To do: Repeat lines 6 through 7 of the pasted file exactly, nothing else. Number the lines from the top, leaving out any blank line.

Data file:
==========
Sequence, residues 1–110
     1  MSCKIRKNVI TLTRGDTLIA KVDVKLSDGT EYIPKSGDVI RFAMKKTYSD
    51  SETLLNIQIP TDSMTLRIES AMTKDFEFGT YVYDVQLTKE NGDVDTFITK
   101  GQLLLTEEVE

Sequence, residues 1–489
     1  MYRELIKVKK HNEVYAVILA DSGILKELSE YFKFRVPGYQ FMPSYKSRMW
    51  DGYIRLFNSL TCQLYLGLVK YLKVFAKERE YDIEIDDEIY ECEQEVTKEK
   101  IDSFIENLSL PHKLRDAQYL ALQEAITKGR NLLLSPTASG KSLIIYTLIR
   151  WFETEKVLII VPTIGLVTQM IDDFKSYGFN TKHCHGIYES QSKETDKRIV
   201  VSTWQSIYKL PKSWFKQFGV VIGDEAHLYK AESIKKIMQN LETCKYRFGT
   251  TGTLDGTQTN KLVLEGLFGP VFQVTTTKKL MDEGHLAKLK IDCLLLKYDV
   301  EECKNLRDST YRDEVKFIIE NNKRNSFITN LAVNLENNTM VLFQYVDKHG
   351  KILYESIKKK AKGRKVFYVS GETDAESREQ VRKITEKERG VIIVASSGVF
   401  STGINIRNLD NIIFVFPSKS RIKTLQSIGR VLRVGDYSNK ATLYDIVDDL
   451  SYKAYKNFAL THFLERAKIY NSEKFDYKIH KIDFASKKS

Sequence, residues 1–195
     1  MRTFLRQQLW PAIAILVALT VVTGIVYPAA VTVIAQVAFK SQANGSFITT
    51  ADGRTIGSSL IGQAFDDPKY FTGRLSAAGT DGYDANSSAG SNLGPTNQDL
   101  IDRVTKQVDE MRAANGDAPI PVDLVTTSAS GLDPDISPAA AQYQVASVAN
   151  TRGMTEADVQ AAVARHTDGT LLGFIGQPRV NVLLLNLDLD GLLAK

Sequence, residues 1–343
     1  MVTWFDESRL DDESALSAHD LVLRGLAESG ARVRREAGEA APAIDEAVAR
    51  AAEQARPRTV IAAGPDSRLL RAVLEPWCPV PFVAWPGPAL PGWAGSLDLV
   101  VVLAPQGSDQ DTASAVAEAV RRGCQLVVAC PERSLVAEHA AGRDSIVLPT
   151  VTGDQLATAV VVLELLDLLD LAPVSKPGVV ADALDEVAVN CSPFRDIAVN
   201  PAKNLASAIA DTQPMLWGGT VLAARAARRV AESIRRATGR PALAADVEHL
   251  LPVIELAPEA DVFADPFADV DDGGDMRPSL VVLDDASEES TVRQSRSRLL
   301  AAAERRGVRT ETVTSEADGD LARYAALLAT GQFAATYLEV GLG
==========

     1  MYRELIKVKK HNEVYAVILA DSGILKELSE YFKFRVPGYQ FMPSYKSRMW
    51  DGYIRLFNSL TCQLYLGLVK YLKVFAKERE YDIEIDDEIY ECEQEVTKEK